• All long chain hydrocarbons pumped from the ground start out as methane, so CH4 is oil. I don’t want a pony or a unicorn, I just want to feed the hundreds of ponies in my SUV.

          CH4 is natural gas and we can even use it to power cars. We have so much, it ends up being flared off and wasted, rather than being compressed and sold as LNG to Japan or even being turned into electricity with small natural gas powered generators at the well heads.

          Would a gas engine driving a generator (or a fuel cell) running on the natural gas leaving a typical well head produce more electricity than a windmill occupying the same footprint?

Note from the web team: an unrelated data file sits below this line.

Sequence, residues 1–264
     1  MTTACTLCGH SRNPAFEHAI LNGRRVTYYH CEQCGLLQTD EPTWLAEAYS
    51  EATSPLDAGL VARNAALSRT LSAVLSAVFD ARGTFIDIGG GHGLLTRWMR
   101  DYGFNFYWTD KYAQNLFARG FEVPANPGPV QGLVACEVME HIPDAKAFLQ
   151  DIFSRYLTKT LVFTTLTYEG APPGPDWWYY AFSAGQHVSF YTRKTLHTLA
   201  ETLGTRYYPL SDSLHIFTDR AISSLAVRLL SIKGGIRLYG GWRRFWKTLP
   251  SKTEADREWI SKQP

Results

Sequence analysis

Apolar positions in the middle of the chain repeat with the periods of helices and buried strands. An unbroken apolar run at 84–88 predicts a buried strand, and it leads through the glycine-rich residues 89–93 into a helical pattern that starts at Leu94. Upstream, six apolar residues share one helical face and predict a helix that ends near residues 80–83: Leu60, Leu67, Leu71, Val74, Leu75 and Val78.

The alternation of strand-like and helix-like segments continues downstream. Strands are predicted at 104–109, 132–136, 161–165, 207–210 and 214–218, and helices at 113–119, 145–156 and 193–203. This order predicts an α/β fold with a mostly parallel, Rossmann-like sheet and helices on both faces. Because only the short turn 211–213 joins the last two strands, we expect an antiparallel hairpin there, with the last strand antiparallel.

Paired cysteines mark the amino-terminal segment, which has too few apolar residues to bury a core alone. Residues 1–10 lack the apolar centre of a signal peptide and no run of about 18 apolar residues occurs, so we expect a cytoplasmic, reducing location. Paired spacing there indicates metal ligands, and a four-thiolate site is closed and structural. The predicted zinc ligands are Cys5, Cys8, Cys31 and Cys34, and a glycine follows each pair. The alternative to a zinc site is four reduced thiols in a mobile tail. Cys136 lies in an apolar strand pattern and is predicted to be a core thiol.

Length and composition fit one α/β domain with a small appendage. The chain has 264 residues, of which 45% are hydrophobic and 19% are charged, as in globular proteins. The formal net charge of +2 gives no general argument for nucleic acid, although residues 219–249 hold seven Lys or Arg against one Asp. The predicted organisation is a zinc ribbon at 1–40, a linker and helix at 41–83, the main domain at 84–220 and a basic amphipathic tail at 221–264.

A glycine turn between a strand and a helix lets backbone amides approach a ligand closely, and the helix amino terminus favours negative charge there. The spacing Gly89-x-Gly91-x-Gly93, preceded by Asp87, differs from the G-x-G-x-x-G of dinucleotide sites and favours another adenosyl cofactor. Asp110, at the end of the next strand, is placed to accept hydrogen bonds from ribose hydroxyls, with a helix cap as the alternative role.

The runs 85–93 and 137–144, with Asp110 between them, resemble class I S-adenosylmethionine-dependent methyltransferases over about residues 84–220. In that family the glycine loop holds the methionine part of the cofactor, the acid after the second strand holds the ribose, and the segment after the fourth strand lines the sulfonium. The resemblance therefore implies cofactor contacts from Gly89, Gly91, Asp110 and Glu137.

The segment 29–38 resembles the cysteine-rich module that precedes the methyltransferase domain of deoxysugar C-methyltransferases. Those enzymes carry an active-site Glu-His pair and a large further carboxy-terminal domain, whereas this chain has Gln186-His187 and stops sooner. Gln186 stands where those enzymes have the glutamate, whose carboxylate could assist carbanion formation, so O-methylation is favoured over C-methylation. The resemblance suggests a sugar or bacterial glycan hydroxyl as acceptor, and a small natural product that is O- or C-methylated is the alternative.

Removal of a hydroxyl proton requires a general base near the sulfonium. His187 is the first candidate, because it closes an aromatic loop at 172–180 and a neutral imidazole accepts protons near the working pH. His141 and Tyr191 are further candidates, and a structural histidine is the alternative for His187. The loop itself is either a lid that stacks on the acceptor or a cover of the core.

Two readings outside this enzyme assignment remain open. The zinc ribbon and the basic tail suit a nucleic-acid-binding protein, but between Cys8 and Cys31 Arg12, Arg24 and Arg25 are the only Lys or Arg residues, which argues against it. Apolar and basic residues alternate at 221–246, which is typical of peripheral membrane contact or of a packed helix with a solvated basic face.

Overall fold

• “All long chain hydrocarbons pumped from the ground start out as methane”

            No, it’s the other way around, methane starts out as long-chain hydrocarbon.

          • In agreement with David and tty, petroleum geologists have long used the concept of an “Oil Window” as part of a quick screen as to whether a given geology is likely to produce petroleum. Simplistically, the idea is that organic material is originally deposited as plant material because plants are a lot more common than animals. If the material (collectively “kerogen”) is cooked for a while it breaks down into shorter chains (petroleum). Cook it longer or hotter and it breaks down further — eventually ending up as Methane (natural gas). If the thermal history of a region is known, an educated guess can be made as to whether any hydrocarbons found are going to be solids, liquids or gases.